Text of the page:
The Transformation of Birmingham


At the time Joseph Chamberlain first arrived in the West Midlands in 1854, the municipal administration in Birmingham was less than twenty years old.

The Corporation could not be said to have over-achieved during that period. Hamstrung by arguments over the validity of its charter, and initially unable even to police itself, Birmingham had, as yet, no baths, no libraries, no public parks, nor even a municipal property in which to hold council meetings. And the two elements which kept the town alive – its gas and water – were in the hands of private companies.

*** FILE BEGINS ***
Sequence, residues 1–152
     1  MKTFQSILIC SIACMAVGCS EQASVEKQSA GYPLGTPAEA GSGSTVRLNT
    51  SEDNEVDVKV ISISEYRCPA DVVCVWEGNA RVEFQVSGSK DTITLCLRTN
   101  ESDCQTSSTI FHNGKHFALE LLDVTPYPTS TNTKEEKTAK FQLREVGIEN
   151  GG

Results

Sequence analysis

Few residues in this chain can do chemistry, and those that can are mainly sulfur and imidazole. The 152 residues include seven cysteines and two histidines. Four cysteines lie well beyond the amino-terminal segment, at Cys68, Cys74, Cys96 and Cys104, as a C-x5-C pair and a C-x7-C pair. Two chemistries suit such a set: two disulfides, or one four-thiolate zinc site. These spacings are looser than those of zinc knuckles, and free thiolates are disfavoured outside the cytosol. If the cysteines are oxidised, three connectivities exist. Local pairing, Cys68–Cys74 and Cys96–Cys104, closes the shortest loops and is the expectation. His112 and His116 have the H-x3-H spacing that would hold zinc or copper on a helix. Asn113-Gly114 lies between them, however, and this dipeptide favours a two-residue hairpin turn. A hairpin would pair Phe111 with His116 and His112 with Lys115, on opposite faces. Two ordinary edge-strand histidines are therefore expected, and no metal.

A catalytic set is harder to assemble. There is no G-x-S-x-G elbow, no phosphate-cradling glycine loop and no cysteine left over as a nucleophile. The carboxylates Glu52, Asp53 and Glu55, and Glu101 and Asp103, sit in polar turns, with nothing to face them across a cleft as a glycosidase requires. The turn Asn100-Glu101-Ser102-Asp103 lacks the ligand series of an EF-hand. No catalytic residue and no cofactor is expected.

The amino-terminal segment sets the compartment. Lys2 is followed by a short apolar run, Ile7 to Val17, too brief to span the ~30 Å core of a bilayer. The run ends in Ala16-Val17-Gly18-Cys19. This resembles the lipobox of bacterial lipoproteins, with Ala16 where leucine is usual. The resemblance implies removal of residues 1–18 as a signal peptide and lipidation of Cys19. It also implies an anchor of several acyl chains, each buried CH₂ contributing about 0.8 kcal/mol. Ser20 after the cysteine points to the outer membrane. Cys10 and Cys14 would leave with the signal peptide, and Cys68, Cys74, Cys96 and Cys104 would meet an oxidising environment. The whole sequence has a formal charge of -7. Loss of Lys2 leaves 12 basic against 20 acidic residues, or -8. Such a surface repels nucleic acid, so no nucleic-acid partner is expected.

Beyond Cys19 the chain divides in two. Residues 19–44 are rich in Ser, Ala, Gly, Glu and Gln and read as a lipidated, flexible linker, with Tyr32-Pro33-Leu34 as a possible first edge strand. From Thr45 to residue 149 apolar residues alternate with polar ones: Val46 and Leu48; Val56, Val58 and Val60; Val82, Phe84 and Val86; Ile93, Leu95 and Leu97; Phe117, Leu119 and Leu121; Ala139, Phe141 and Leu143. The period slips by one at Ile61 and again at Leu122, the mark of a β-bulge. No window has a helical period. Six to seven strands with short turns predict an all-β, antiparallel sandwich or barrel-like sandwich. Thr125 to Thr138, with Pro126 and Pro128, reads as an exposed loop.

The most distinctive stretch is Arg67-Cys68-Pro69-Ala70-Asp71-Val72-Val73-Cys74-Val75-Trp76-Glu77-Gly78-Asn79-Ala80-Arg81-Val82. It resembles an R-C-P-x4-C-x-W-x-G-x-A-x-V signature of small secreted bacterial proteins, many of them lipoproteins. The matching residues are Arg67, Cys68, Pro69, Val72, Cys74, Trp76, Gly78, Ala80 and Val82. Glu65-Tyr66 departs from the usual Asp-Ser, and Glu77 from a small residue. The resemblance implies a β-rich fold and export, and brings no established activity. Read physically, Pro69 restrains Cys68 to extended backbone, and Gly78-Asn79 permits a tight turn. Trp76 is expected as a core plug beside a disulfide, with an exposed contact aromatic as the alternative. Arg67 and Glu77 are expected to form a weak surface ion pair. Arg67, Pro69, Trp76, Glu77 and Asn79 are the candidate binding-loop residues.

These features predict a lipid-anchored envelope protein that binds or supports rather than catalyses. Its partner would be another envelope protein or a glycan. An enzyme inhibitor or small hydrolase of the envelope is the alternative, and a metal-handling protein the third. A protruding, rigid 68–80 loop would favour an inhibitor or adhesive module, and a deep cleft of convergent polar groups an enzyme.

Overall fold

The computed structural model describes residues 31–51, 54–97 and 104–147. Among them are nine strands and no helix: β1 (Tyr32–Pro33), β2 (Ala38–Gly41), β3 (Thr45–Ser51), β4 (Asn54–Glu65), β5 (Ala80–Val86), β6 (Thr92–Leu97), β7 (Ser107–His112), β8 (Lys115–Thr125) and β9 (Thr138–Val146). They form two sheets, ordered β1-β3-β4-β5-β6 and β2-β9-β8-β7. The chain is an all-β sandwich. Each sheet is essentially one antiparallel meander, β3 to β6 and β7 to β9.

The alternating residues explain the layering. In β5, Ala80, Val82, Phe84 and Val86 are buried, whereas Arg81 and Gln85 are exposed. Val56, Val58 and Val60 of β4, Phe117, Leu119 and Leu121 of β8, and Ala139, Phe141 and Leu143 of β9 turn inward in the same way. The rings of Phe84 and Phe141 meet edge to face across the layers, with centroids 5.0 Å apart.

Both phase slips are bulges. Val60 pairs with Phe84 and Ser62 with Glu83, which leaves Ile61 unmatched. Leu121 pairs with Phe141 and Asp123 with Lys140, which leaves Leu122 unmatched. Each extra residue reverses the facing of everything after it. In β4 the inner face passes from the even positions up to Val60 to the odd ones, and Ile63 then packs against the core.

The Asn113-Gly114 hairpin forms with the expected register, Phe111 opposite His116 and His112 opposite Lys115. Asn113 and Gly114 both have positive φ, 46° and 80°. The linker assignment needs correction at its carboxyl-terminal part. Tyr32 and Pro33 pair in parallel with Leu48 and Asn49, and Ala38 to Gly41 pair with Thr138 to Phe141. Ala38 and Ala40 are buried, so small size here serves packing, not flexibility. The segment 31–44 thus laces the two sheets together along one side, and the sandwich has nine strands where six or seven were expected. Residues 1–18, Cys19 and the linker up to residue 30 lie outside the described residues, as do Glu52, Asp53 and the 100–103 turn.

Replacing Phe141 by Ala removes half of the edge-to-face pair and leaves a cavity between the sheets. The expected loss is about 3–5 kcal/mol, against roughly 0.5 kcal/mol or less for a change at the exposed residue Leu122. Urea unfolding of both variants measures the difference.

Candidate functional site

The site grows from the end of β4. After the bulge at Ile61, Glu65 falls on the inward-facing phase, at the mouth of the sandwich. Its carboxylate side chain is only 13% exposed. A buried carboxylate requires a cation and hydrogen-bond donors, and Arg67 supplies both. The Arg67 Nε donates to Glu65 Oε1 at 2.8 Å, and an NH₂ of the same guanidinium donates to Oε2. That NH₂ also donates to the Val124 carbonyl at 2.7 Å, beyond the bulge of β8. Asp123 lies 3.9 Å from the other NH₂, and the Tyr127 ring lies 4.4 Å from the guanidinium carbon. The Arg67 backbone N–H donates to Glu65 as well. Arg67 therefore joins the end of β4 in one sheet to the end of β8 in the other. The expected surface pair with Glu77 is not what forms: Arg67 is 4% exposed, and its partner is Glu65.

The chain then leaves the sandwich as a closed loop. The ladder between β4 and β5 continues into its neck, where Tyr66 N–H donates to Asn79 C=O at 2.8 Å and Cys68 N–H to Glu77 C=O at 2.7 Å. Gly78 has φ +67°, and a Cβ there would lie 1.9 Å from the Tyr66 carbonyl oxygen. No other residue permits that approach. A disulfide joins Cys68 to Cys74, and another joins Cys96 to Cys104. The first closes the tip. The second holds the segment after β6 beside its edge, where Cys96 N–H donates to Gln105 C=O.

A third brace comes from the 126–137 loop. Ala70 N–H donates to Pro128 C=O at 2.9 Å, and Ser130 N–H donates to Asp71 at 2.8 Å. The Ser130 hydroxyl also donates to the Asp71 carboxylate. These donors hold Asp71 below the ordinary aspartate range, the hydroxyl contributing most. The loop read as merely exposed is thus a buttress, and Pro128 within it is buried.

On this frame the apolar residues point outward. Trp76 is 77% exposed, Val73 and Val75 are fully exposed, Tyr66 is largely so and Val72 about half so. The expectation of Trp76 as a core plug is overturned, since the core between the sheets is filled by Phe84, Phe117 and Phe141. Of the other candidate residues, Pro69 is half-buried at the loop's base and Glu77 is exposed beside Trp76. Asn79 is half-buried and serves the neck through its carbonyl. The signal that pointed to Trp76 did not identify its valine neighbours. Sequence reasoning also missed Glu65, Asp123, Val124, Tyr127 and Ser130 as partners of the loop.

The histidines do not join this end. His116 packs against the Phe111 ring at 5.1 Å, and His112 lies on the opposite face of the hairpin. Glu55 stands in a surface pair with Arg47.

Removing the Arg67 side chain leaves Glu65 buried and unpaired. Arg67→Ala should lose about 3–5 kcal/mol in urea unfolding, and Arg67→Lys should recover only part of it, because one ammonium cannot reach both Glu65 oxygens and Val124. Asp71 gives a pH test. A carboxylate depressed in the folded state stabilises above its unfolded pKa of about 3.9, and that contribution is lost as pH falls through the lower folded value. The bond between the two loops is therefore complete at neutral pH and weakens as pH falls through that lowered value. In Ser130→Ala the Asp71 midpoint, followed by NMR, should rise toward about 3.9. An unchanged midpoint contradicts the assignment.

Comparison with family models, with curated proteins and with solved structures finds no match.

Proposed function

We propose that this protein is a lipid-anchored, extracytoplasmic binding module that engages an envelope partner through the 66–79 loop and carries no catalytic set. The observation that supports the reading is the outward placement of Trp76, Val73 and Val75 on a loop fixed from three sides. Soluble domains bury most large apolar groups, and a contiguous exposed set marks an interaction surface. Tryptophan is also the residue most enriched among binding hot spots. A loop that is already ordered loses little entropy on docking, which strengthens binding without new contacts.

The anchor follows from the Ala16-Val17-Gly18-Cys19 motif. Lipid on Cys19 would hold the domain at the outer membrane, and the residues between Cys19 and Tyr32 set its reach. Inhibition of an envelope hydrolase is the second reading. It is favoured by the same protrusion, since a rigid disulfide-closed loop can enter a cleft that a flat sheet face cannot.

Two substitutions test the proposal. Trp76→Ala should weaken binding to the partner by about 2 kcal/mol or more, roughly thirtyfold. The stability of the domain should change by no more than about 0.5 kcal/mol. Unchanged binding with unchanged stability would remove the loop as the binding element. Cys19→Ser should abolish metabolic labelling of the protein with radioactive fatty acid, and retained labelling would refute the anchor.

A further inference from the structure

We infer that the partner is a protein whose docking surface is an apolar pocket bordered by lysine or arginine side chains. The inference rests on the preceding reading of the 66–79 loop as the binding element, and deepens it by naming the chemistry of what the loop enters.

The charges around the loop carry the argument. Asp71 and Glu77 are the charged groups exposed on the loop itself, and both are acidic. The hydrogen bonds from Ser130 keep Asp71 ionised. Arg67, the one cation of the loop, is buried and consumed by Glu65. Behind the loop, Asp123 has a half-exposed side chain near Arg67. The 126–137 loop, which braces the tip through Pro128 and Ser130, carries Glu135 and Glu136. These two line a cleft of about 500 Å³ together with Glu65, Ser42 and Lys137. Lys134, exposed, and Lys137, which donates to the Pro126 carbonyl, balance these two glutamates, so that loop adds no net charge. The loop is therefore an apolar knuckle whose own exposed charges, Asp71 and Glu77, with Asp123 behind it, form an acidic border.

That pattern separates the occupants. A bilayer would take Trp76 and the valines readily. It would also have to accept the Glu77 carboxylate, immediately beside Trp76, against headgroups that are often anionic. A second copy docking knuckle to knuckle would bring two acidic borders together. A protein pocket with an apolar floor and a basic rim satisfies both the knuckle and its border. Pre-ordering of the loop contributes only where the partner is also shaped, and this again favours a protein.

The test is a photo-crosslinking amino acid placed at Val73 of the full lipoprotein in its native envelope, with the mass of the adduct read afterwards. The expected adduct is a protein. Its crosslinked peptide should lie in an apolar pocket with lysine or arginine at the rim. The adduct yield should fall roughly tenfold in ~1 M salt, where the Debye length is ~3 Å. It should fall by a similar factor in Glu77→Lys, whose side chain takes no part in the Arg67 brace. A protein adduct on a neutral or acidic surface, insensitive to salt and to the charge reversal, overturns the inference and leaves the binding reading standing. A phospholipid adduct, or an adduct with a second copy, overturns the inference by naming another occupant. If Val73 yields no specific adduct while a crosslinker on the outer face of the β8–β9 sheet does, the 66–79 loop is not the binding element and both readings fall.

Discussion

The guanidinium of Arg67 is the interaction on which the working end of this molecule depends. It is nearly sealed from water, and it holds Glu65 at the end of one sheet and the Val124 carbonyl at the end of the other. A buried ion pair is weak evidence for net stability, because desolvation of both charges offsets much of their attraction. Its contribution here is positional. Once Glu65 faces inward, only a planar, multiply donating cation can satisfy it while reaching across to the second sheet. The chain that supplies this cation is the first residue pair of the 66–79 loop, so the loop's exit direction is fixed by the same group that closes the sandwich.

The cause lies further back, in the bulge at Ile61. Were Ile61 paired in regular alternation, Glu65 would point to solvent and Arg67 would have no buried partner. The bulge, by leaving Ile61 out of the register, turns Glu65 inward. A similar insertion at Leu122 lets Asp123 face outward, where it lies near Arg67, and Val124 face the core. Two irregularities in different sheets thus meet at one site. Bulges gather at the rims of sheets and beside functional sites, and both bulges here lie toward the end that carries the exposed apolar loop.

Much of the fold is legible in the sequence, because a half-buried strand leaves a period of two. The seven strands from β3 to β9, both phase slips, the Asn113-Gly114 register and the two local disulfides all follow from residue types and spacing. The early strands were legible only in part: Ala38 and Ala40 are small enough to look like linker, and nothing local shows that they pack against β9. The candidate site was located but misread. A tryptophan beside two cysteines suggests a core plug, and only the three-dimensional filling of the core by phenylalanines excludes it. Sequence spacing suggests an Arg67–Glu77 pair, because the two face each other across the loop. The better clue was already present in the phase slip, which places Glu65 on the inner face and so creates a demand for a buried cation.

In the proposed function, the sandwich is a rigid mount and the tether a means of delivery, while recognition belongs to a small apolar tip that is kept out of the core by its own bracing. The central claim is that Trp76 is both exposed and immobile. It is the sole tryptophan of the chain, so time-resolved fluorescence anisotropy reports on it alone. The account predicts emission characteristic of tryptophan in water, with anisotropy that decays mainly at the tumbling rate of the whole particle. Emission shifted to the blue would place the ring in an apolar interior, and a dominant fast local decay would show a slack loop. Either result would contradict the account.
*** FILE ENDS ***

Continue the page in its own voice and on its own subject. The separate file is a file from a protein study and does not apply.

The transformation over the following two decades is striking. By 1876, when Chamberlain left for Westminster, the town had five public libraries, six parks and three sets of municipal baths. And in what would shortly be called Victoria Square, an immense council headquarters was close to completion.

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Chamberlain Birmingham

Two Titans, One City

Andrew Reekes

Two famous and powerful men of the late Victorian and early Edwardian era, Joseph Chamberlain (1836-1914) and George Cadbury (1839-1922), towered over one of the great cities of the British Empire - Birmingham. Together, they offer a fascinating window into the rapidly changing world in which they lived and the preoccupations of their...


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